Being Without Existing, Composing, 05/02/2018

It’s a basic rule of thinking decently-well that you shouldn’t apply concepts from scientific fields to moral or political thinking, and vice versa. But . . . .

The most famous example of these cross-domain applications gone horribly wrong is social Darwinism. There are plenty of opportunities to read up on how this popular interpolation of a scientific idea to a political imperative caused horrifying human disasters. Please read the links – they’ll open in separate tabs.

Riffing on a hilarious misinterpretation I've heard from too many
old conservative academic philosophers – Deleuze as simulacra.
Aside from the horrifying political consequences of the most notorious example, it’s just bad form epistemically. You can’t make a straight translation of abstract scientific concepts into a moral imperative. Especially when your example gets all the actual principles of the science totally wrong anyway.

Even Gilles Deleuze, well known philosophical weirdo, would say so. One of the major principles of his last book, What Is Philosophy?, was that scientific knowledge was mathematical and referred to specific situations – philosophy operated very differently.

But . . . . there’s a way to carry scientific concepts into other domains of thinking. It’s a process of abstraction.

Identify the most fundamental aspects of a scientific concept, abstract them into a diagram – so hold onto the complexity, but without the specificity – and experiment to see where else that abstract diagram makes sense.

You aren't so much drawing a conclusion – like the social Darwinists did – as you are an investigation. Where else can this concept apply fruitfully?

Where’s an example of this actually working? Then we can see, in specific terms, how that process of thought works. Well, Deleuze developed one – how the abstract structure of the scientific concept of the infinitesimal and the strange attractor can make sense of the existence of impossible ideals.

That’s a weird and dense thing to say. So what do I mean? In Leibniz’s calculus, an infinitesimal is the smallest possible differential relation. No differential – a dynamic relationship of ∆x/∆y – can ever reach zero. That’s just zero. But their smallest possible relationship is an infinitesimally small difference.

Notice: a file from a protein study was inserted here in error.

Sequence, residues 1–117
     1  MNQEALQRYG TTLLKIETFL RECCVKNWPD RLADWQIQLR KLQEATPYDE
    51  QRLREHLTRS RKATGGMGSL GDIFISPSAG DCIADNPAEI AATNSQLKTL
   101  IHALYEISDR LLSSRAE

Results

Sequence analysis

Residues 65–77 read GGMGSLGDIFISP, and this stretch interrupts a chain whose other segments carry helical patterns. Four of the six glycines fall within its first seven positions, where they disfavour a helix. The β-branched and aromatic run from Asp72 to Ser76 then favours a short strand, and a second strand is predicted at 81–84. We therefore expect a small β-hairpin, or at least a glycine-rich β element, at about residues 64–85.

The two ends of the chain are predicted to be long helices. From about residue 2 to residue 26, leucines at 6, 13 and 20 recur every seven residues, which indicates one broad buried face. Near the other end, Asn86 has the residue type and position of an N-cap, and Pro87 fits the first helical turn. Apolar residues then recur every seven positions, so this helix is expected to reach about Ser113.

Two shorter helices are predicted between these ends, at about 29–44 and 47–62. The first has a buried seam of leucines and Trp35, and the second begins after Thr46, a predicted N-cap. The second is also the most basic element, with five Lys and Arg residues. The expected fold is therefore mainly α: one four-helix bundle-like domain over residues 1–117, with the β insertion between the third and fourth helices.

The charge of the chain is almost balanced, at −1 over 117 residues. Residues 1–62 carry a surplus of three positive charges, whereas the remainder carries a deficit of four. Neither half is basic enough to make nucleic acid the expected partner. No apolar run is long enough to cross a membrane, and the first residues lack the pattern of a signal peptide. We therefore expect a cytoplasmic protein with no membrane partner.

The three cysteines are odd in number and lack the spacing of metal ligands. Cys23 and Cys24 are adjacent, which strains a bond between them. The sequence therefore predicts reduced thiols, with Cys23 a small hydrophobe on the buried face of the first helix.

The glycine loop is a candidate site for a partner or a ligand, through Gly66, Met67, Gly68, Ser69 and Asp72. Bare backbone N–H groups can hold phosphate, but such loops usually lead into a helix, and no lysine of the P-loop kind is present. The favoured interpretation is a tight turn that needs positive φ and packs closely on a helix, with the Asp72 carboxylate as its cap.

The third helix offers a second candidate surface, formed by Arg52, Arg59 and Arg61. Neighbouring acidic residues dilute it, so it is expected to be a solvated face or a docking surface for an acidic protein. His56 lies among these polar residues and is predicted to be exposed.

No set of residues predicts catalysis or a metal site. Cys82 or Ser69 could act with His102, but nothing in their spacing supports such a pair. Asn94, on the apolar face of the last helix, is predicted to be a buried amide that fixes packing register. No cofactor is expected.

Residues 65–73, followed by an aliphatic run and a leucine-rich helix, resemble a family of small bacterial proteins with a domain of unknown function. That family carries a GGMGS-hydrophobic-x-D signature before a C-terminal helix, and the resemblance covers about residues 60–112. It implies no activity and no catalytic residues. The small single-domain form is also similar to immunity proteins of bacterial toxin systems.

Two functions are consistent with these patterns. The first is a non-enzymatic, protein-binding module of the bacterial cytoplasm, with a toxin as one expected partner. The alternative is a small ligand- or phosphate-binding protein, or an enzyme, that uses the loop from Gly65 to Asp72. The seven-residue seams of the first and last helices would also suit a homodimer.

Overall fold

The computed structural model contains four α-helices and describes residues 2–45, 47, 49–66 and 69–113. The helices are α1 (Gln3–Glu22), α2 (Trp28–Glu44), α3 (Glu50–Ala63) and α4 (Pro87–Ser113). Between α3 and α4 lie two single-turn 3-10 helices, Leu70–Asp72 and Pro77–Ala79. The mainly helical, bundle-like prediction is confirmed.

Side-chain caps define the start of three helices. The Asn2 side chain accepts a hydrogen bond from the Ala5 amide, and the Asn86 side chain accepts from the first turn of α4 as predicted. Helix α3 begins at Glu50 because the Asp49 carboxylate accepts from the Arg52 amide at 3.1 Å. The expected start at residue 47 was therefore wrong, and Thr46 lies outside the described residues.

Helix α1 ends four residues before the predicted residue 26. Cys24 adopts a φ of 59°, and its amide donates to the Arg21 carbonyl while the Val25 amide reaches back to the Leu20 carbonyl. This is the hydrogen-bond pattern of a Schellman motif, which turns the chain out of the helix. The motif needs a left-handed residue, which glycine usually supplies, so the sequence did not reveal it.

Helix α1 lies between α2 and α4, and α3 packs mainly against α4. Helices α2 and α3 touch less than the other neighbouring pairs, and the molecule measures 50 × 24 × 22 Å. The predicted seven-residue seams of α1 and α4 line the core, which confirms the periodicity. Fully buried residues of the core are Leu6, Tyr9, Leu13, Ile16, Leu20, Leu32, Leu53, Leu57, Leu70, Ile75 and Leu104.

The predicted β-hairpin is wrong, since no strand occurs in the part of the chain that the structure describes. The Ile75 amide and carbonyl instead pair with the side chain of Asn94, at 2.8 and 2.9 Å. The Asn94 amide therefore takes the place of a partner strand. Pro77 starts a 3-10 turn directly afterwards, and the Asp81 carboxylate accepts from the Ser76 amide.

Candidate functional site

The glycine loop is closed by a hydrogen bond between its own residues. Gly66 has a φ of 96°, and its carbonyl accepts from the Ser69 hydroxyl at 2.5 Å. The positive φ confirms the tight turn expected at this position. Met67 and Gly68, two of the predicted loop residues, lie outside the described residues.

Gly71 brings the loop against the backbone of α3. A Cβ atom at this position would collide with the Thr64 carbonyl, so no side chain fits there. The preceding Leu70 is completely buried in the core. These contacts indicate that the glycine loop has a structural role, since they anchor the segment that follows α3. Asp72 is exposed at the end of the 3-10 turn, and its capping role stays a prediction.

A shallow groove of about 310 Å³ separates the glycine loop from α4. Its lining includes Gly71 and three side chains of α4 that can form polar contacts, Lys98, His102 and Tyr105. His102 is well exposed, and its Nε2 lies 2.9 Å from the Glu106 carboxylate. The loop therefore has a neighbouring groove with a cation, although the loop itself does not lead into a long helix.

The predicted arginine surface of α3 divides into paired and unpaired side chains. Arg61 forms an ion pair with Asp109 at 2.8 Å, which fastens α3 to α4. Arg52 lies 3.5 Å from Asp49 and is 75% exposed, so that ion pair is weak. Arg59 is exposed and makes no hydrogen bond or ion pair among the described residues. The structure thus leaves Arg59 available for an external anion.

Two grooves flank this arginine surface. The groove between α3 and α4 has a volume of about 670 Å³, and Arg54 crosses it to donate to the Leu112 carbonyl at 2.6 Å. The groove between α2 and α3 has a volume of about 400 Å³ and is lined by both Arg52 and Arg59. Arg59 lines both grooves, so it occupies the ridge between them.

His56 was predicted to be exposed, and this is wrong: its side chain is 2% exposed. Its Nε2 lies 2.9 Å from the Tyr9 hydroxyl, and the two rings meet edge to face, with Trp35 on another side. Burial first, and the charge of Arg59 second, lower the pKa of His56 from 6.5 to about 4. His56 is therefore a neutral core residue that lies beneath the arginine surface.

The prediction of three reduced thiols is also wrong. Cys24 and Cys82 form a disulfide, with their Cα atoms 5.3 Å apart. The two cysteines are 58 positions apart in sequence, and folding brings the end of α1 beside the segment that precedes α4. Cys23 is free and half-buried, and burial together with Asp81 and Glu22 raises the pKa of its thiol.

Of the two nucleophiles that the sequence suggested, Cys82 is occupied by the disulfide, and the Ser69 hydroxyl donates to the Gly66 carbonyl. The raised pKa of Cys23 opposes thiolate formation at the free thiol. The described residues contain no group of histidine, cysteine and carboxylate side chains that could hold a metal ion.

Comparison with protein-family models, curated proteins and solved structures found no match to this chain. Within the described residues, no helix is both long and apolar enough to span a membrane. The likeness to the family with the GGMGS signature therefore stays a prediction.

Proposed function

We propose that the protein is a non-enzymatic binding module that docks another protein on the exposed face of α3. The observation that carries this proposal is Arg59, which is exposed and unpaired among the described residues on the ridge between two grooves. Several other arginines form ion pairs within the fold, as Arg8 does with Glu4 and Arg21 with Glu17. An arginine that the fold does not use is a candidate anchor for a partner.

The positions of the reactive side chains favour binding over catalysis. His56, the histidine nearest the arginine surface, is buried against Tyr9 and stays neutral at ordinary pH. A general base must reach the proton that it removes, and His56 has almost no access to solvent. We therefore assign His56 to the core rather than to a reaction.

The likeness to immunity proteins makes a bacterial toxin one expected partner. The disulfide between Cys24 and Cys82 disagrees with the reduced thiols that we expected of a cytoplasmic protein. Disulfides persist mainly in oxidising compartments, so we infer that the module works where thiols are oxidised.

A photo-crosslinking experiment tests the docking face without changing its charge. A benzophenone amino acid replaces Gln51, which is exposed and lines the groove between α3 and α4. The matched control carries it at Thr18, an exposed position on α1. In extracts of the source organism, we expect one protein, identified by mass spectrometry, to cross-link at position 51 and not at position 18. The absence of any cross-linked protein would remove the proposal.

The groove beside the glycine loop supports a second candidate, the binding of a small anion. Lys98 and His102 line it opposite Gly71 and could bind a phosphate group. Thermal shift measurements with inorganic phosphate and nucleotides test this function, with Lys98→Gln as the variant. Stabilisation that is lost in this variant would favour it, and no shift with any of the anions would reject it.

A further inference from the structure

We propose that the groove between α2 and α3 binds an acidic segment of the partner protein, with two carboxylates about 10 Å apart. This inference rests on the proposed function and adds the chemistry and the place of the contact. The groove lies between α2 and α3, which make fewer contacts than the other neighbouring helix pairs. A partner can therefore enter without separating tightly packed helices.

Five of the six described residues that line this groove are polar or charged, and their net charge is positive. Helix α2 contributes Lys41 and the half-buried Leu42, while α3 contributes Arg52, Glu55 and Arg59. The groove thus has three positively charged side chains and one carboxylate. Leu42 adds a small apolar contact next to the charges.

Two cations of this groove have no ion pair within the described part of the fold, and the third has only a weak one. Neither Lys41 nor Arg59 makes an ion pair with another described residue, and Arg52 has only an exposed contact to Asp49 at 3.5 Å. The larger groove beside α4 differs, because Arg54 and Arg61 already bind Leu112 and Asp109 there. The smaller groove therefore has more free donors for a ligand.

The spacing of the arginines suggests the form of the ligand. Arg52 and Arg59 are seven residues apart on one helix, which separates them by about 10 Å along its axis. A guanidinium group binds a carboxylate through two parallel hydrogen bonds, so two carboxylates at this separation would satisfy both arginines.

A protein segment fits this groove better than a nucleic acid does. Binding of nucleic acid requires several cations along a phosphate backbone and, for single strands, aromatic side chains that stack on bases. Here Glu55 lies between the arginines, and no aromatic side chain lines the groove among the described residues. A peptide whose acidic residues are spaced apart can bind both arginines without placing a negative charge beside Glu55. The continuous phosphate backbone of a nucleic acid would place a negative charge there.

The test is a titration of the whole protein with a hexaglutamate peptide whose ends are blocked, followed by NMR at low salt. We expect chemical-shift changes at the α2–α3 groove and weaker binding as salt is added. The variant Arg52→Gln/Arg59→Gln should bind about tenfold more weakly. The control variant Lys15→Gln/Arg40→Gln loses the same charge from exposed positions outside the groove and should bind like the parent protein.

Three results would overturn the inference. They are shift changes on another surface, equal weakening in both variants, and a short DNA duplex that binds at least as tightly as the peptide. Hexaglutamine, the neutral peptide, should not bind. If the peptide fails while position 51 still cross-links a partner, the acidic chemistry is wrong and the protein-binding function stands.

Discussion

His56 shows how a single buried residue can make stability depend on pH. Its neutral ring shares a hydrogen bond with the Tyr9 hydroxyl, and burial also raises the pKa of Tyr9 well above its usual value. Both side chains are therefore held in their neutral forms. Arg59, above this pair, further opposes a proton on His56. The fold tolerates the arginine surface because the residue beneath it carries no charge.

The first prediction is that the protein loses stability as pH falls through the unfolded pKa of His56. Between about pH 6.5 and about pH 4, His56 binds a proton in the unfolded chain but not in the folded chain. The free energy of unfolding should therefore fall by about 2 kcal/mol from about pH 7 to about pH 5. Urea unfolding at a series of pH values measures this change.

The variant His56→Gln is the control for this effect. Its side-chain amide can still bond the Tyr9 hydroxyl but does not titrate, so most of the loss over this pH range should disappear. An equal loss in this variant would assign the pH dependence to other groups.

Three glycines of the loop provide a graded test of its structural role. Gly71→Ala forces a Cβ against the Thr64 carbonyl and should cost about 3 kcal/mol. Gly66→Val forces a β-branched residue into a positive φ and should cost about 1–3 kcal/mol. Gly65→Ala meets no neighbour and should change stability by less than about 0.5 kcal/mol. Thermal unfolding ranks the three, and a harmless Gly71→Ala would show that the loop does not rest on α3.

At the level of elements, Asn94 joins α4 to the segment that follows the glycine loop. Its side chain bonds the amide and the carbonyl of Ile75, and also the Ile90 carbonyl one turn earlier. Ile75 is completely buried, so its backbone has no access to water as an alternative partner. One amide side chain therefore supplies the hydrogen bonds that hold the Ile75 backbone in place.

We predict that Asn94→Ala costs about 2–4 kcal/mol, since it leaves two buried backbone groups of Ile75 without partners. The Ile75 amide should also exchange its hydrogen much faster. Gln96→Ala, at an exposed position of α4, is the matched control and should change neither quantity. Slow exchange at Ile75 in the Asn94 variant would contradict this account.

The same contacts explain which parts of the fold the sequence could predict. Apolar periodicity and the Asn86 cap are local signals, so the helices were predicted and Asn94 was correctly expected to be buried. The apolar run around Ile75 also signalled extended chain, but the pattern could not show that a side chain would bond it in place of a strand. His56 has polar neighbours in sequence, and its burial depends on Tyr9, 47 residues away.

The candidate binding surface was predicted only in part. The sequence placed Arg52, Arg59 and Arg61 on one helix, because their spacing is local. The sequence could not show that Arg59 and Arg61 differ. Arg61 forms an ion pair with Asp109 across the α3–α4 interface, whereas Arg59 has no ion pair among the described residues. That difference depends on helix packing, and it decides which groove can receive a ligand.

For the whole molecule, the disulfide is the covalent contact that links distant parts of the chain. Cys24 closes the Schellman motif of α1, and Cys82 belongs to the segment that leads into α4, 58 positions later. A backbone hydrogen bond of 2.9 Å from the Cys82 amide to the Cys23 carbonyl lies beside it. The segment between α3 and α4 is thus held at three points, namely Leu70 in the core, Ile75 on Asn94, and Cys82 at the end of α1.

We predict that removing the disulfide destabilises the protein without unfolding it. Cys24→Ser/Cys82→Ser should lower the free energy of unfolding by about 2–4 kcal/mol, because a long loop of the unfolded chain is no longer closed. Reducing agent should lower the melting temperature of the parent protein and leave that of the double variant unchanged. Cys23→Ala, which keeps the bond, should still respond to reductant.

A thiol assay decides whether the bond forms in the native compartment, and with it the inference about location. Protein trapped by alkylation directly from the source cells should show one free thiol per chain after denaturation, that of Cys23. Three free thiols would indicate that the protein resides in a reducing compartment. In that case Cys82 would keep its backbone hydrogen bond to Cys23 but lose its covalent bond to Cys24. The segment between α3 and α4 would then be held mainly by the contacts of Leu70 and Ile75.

The thing is, infinitesimal quantities can’t exist. They definitely can’t exist in experience, because our perceptual powers give out at sizes of objects and movements way bigger than the infinitesimal. They can’t exist in reality either – the smallest any physical fluctuation can be is about 1.6x10-35 metres. Way longer than infinitesimal.

All you have to do for your dream to become reality is become a
god. That's well beyond the realm of possibility, but sadly, it's an
ideal that all too often guides our actions.
Infinitesimals can’t exist materially, but they exist as asymptotes in reality – you approach it, and can get closer and closer to it, but never actually reach it. It’s infinitely far from you, or infinitely small. An unreachable target that guides the trajectory of your approach.

And that’s what a moral ideal is – an unreachable target that nonetheless guides your real action. An ideal is real without existing – it’s the principle that provides the underlying logic of your action.

Any ethical act or project you work on will always be disappointing and an utter failure if you treat your ideal as achievable – if you think that a practical action plan will actually make an ideal come true.

Best case scenario, you’ll be disappointed when your ambitious plans to make the world a perfect place fall short of what you aimed for. Instead of pride in what you’ve achieved, you’ll feel ashamed that you couldn’t have done more.

Worst case scenario, you’re Mao Zedong leaving tens of millions dead and a nation of a billion horrifically traumatized. Yeah, that’s fine.

The function of the moral or ethical ideal in human thought is to be the asymptotic attractor for our lives – it governs our development without itself ever being a real state of affairs.

Now ask how such an ideal can be used for the betterment of humanity or for brutal destruction. What facilitates its progressive uses? What facilities its destructiveness?

That right there is what Utopias is about. I think I’ll start the introduction this weekend.

No comments:

Post a Comment